It seems that many Americans have lost the work ethic that we used to be famous for. Americans have also lost the doctrine of vocation, which gives work of all kinds meaning, value, and spiritual significance.
Last year we blogged about what was being called “The Great Resignation,” the phenomenon of people quitting their jobs and not returning to the workplace. Much of that was a response to the COVID epidemic, with the lockdowns giving people a taste for not going to work and the government relief payments (including unemployment benefit supplements that paid many workers more for doing nothing than they were earning on their jobs) making that, at least for awhile, financially possible.
But now, most of those who voluntarily left the workplace back then still have not come back. The workplace participation numbers are essentially the same as they were back in August of 2020. This, even though pay has shot up, as companies are growing desperate for workers. The labor shortage is throwing off the economy, but it also bodes ill for those who are cultivating idleness and for the culture as a whole.
So says an article by By The Underside of the ‘Great Resignation’.in the Wall Street Journal (behind a paywall) entitled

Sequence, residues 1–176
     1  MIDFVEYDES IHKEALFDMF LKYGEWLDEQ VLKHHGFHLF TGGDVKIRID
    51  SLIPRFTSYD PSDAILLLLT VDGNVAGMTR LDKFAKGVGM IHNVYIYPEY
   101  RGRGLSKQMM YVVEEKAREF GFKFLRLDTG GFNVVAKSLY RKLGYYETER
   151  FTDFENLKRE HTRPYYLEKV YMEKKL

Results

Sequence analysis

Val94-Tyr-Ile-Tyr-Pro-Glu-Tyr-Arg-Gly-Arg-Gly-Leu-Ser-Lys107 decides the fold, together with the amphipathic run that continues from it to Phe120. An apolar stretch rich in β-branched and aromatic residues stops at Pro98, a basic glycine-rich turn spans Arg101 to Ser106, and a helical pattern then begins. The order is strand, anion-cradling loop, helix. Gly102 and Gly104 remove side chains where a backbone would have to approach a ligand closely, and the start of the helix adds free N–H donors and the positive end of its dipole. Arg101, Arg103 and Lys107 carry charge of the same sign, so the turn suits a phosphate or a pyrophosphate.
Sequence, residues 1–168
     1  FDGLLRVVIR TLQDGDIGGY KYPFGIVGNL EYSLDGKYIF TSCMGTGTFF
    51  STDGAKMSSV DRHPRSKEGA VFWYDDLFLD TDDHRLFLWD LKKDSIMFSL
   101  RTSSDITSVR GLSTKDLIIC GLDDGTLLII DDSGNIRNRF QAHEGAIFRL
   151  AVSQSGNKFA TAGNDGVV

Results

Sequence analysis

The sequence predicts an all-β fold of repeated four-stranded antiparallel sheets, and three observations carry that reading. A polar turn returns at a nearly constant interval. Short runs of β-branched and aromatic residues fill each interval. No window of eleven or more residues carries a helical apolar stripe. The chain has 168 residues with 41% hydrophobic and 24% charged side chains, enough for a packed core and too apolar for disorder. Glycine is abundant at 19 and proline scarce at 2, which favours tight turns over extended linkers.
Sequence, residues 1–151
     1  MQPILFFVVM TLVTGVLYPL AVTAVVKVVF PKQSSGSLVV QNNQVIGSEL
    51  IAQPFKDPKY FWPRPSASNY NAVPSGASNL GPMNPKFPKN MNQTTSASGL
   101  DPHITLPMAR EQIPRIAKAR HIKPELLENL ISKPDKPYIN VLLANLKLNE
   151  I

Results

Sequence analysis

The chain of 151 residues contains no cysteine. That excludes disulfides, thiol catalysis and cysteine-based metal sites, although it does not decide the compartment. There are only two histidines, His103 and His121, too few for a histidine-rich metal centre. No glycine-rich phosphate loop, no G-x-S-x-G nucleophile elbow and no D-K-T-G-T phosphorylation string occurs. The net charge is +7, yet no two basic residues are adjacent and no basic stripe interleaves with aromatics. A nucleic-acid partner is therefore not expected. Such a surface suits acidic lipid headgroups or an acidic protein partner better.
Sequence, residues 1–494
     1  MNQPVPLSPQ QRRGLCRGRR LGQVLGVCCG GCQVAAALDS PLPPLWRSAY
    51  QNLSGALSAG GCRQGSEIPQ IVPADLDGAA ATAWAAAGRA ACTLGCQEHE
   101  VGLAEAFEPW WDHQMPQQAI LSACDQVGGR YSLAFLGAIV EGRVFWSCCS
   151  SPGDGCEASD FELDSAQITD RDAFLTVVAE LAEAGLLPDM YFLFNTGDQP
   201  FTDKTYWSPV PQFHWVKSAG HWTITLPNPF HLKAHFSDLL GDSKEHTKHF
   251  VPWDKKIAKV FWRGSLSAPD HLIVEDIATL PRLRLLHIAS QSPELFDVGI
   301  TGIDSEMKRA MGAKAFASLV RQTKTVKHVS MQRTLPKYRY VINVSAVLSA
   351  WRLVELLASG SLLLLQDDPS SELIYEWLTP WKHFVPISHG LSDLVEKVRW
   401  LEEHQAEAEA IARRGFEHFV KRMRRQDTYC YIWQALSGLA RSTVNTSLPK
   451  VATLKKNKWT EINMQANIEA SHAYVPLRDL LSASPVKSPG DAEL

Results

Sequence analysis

In 2000, the labor force participation rate–which includes everyone in the population, including the retired and unable to work– reached a high mark of 67%. Today, it is 61.9%, a drop of 5%, the same that it was last August. Among men in their prime working age, from 25 to 54, only 88.2% work. In 1961, the percentage was 96.9%. Put another way, among men between 25 and 54, the proportion of those who do not work for a living is 1 out of 8.
For women of the prime working age, the high point in 2000 was 77.3%, dropping to 75% today. The overall percentages are lower, since women often opt out of the workplace to have children and to take care of them, but the decline is also lower compared to men.
The work rate today is lower than it was during the Great Depression. Thirty years ago, according to the article, Americans had a 10% higher work rate than the European Union, but today Americans have fallen “a couple of points” behind the supposedly easy-going Europeans.